The Young Marx by Richard Bean and Clive Coleman
at The Bridge Theatre
28th October, 2017
“I write down what I see. I’m a beta-plus. You’re an alpha, a bona fide genius, you prick.”
“I am the opposite of King Midas – everything I touch turns to debts”
Firstly, what a treat to come to a first new commercial playhouse, especially one conceived by Nicholas Hytner and Nick Starr. It is a splendid addition to the London scene: a flexible, impressive 900 seater auditorium designed by architects Steve Tompkins and Roger Watts,that manages to feel both spacious and cozy. The seating is surprisingly egalitarian, with the £15 bottom price getting you a very decent view. It will, as Hytner hopes, house a program of crowd-pulling new plays. For us the dram plays out the man behind the Manifesto, but that sits at odds with the comic-strip tone – no matter how snappily Hytner directs. It leaves the play caught between humanising Marx and lampooning him.
We meet the Young Marx (Rory Kinnear) soon after he arrives as a penniless political refugee in Victorian Soho. From the start, he is a walking disaster, totally reliant on the continued goodwill of his wife Jenny von Westphalen (Nancy Carroll) and best friend, Friedrich Engels (Oliver Chris).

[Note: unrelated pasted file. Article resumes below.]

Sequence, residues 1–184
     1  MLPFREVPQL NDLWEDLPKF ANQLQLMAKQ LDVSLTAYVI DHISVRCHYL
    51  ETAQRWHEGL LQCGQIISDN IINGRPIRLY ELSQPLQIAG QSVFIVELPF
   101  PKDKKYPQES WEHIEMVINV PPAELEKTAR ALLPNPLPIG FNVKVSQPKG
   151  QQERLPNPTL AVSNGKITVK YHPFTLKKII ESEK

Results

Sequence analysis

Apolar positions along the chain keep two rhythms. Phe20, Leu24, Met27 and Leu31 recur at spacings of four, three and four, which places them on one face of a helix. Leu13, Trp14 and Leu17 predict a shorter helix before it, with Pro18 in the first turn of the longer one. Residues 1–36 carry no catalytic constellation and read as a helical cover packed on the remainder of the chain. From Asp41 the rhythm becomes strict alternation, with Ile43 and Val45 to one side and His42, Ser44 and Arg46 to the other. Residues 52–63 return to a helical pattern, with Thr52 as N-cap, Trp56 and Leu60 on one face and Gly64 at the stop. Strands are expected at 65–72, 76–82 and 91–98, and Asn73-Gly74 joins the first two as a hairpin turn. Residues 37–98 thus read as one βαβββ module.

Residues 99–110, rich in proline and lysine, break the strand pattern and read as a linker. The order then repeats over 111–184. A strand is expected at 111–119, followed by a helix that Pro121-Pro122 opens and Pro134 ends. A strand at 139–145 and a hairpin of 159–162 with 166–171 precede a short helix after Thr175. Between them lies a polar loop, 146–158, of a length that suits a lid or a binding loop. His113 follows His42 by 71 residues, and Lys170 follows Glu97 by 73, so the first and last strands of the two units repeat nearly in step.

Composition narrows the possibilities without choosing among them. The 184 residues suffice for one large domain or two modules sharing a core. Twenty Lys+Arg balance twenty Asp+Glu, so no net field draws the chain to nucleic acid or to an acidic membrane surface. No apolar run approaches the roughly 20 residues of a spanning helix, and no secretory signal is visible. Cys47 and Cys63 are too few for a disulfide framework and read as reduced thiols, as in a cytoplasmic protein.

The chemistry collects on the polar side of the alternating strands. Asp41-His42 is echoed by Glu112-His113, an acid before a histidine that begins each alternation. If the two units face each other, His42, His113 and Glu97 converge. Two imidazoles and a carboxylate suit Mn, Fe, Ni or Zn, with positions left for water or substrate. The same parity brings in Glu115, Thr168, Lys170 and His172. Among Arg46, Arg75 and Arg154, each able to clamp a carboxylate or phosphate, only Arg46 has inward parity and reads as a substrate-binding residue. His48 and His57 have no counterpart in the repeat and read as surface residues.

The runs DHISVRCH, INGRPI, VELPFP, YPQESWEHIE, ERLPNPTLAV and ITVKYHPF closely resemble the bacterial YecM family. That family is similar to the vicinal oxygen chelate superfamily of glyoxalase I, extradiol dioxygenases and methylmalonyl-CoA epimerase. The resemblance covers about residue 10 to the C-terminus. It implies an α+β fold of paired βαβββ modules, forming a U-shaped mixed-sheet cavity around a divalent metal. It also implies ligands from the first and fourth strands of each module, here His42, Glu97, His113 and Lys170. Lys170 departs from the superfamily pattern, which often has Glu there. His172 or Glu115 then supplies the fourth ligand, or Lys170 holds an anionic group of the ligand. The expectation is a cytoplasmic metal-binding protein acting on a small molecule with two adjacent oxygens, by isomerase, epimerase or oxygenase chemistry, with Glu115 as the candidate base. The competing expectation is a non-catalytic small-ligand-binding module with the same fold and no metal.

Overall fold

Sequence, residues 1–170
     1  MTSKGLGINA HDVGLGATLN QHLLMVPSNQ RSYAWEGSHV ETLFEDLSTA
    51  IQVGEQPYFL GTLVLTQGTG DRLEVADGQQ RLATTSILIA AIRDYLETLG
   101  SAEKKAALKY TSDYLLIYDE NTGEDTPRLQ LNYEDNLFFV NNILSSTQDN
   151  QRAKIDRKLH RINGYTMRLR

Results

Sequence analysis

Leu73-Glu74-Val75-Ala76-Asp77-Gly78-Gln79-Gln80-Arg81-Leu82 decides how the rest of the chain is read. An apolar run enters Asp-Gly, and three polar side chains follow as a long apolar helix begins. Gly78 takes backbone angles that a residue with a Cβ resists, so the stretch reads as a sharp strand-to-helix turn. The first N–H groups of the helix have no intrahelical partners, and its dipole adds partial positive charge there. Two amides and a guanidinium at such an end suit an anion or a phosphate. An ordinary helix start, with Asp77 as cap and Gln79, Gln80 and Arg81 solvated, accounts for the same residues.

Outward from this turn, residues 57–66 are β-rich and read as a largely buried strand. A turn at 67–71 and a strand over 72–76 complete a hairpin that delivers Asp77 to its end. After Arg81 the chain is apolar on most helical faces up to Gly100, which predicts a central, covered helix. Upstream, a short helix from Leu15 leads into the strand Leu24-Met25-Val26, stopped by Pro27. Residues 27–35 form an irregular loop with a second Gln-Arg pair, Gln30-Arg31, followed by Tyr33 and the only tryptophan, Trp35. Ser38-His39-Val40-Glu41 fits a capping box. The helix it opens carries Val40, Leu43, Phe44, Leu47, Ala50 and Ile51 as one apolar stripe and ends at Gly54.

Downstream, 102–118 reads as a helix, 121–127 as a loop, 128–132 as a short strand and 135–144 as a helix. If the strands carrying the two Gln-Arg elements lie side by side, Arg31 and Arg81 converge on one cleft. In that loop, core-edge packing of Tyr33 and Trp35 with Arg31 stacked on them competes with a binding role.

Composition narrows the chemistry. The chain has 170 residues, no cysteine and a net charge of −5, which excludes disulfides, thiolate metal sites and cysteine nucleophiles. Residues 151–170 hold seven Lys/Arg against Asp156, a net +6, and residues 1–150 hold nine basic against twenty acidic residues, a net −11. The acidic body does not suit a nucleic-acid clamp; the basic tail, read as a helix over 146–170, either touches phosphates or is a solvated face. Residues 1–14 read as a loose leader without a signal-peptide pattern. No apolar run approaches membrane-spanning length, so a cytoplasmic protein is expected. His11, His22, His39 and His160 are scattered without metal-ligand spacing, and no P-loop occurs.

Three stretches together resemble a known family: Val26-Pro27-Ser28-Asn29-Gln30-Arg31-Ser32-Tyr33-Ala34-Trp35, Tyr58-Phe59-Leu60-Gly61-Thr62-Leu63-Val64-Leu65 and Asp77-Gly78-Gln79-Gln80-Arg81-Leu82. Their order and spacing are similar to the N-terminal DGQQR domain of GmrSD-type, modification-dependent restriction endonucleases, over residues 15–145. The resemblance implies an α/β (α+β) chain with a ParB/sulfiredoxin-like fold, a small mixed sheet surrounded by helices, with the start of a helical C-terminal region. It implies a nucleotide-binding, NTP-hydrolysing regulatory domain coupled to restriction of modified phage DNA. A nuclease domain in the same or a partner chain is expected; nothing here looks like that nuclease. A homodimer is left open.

Marx struggles to feed his children, nearly loses his wife (Nancy Carroll) and finds comfort in drink instead of in work. His penury means that the Peelers are always after him. In pantomime ritual, he’s shinnying up among the chim-ineys to make his escape, thereafter often found inside a cupboard whenever there’s a knock at the door. Marx thinks so much about money and its perniciousness, but has none himself but also realises that he badly needs it. Ironically, he can’t escape the system he loathes, because he has a wife and a child to support. So he’s bankrolled by Engels. So, it is capitalism that lifts the poverty that blighted his life. Engels and Marx present themselves like a music-hall double act, trading with insults and singing inappropriate songs.
Kinnear does play Marx with that Amadeus madness we often associate with geniuses, and uses it as a great vehicle for comedy, and he treats the more touching moments of the play with compassion. Chris’s Engels and Nancy Carroll’s Jenny are models of patient restraint, which makes their outbursts of anger the more powerful. Laura Elphinstone’s Nym is often the most intense and emotionally connected person on stage.
Overall, the play lacks dynamism and focus. Essentially, it is about Marx procrastinating rather than writing ‘Das Kapital’. Richard Bean’s and Clive Coleman’s writing is as sharp as ‘One Man,Two Guvnors’ and people-pleasing but not top marx.
Reservations aside, I hope the venue is successful.